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Relate research paints distressing picture of relationships

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Relate relationship research.

When I took a call a few weeks ago from my local newspaper asking for a comment on a report stating that 2.87 million Britons were in ‘distressed relationships’ I was at first stumped. Where had these frightening figures come from, and what did they really tell us?

I soon discovered that the figures were taken from research by Relate, the relationship breakdown specialists. A “distressed” relationship was defined by them as one where issues and disagreements are severe, leading to clinically significant negative impact on well-being.

Perhaps of more concern was that the research highlighted that 1.4 million families are at breaking point. Parents with children under 16 are more likely to be in distressed relationships.
Sad news indeed.

Of course, not all of these “distressed” relationships result in separation or divorce. Sometimes issues flare up and can be resolved but where a relationship has irretrievably broken down this ‘distress’ can sometimes spill over into divorce proceedings and the negotiations about finances and the care of children from the relationship.

Keeping the distress out of the divorce process

The public perception of lawyers is all we want to do is fight. Possibly that's because only a few high profile cases make the press and that’s where people get their perceptions from. The truth is, though, that most family lawyers want to help people move forward in a positive way.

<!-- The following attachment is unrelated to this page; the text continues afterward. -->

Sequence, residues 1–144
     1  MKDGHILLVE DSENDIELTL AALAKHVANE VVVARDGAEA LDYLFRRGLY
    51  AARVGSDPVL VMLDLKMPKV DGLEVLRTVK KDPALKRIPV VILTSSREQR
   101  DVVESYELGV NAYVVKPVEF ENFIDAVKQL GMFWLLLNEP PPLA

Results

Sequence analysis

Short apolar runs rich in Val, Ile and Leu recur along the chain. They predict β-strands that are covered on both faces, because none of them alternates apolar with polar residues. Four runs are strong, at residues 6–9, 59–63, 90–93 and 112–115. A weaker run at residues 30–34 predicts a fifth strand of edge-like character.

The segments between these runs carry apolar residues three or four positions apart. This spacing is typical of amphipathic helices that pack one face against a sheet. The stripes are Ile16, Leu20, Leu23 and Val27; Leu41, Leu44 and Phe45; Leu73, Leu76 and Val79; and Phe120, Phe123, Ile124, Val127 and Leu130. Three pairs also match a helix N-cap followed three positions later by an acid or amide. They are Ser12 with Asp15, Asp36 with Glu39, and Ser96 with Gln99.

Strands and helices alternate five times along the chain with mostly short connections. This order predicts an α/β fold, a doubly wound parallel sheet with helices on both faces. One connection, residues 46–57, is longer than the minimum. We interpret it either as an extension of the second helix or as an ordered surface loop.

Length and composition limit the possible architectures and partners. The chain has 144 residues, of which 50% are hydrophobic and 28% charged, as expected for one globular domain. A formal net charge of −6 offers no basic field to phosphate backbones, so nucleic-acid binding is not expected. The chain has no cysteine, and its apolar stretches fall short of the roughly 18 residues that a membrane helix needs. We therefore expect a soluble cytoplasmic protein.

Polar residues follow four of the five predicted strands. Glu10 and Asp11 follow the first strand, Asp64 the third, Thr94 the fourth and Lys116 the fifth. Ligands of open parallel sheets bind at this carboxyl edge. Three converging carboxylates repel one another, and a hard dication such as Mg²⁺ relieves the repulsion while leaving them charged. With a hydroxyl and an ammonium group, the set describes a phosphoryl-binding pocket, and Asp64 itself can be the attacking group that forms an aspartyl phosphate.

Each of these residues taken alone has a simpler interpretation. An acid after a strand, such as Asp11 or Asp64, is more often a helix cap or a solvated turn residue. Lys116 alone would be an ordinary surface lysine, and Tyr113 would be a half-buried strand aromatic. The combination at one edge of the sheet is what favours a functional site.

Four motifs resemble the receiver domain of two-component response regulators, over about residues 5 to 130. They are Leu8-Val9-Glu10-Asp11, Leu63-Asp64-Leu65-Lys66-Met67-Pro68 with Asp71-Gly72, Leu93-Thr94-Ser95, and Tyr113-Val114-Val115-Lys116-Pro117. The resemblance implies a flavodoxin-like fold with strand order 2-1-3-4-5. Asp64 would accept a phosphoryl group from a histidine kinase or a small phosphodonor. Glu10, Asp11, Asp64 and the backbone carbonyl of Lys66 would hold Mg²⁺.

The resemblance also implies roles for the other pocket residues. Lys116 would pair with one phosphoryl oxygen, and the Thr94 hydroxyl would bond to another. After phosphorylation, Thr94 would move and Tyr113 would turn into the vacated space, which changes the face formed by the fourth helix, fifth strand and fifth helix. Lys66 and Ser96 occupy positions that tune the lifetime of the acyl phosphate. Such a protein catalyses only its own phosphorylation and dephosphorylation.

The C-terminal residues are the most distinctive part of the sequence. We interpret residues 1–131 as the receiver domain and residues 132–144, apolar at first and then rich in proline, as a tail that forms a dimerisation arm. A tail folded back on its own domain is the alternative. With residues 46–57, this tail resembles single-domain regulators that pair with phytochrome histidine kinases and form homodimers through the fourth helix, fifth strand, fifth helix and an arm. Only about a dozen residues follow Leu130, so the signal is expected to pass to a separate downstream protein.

Our job as lawyers is to help with the legal process in a non-confrontational way. We believe things can be worked out in a constructive manner. Part of my role is to take away the tension and look at things in quite a different way.

Children are often at the epicentre of the process. As a family lawyer, my initial advice to parents is to focus on the needs of the children and try to keep them separate from the “adult” issues. Children do not need to be aware of issues concerning money and property. They need to know that they are loved by both of their parents and that they will continue to be loved moving forward. 

I feel it’s my role to encourage people to try to be as amicable with their ex as possible. To try and focus on moving forward rather than going over each other’s past mistakes or failings. A bloody, expensive court battle is not the only option available, indeed, it is usually the last resort once all other avenues have been exhausted. I find myself issuing a common word of warning - that Court can be very expensive and unpredictable in terms of outcome. Mediation, collaboration or assisted mediation can often bring swifter and more effective resolution to any disagreements a couple may have as they go through the divorce process.

Focusing on the facts to reach an amicable solution

Family lawyers have to focus on the facts and try to keep emotion at bay; to facilitate discussion and strive for an amicable resolution so that parents can move forward having control over the decisions that they make in an informed way, with the main focus being on the welfare of their children. After all, people do not stop being parents when their children reach 18. They will be parents forever and if they can move forward with a sense of fairness and respect for each other, their children will benefit for many years to come.

Catherine Edmondson
Divorce & family lawyer Stoke on Trent

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